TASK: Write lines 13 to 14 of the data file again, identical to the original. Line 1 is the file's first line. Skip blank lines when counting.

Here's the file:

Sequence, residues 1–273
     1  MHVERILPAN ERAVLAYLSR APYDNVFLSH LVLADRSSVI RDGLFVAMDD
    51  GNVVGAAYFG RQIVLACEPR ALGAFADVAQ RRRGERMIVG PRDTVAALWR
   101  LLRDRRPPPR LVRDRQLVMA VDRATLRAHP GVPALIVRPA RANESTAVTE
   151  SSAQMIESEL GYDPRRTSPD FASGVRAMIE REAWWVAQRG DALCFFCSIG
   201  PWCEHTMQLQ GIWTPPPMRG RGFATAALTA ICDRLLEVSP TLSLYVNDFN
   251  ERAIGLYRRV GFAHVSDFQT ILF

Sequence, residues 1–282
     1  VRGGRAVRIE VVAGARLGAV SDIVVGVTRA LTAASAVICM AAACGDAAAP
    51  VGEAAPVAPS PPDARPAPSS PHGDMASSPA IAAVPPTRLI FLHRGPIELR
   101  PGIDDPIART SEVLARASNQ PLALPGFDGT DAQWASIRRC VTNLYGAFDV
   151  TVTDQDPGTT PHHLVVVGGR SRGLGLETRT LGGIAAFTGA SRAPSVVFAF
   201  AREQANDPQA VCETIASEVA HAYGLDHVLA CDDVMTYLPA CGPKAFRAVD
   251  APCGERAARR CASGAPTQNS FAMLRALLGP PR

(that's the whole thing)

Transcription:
   201  AREQANDPQA VCETIASEVA HAYGLDHVLA CDDVMTYLPA CGPKAFRAVD
   251  APCGERAARR CASGAPTQNS FAMLRALLGP PR